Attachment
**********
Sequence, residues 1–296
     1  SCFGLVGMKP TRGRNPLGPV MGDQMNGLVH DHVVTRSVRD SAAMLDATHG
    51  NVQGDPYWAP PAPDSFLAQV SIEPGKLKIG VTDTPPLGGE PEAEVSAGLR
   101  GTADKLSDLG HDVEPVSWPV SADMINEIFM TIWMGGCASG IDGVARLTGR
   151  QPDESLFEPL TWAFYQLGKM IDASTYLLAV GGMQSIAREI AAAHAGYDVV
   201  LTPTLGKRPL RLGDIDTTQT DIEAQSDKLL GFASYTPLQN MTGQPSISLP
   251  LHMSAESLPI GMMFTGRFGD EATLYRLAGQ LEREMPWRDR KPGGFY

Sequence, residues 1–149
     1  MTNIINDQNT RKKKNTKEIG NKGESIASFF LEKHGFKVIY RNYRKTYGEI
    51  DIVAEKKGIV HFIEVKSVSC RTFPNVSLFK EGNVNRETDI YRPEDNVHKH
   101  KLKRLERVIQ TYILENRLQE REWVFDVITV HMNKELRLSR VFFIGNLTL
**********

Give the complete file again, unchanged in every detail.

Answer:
Sequence, residues 1–296
     1  SCFGLVGMKP TRGRNPLGPV MGDQMNGLVH DHVVTRSVRD SAAMLDATHG
    51  NVQGDPYWAP PAPDSFLAQV SIEPGKLKIG VTDTPPLGGE PEAEVSAGLR
   101  GTADKLSDLG HDVEPVSWPV SADMINEIFM TIWMGGCASG IDGVARLTGR
   151  QPDESLFEPL TWAFYQLGKM IDASTYLLAV GGMQSIAREI AAAHAGYDVV
   201  LTPTLGKRPL RLGDIDTTQT DIEAQSDKLL GFASYTPLQN MTGQPSISLP
   251  LHMSAESLPI GMMFTGRFGD EATLYRLAGQ LEREMPWRDR KPGGFY

Sequence, residues 1–149
     1  MTNIINDQNT RKKKNTKEIG NKGESIASFF LEKHGFKVIY RNYRKTYGEI
    51  DIVAEKKGIV HFIEVKSVSC RTFPNVSLFK EGNVNRETDI YRPEDNVHKH
   101  KLKRLERVIQ TYILENRLQE REWVFDVITV HMNKELRLSR VFFIGNLTL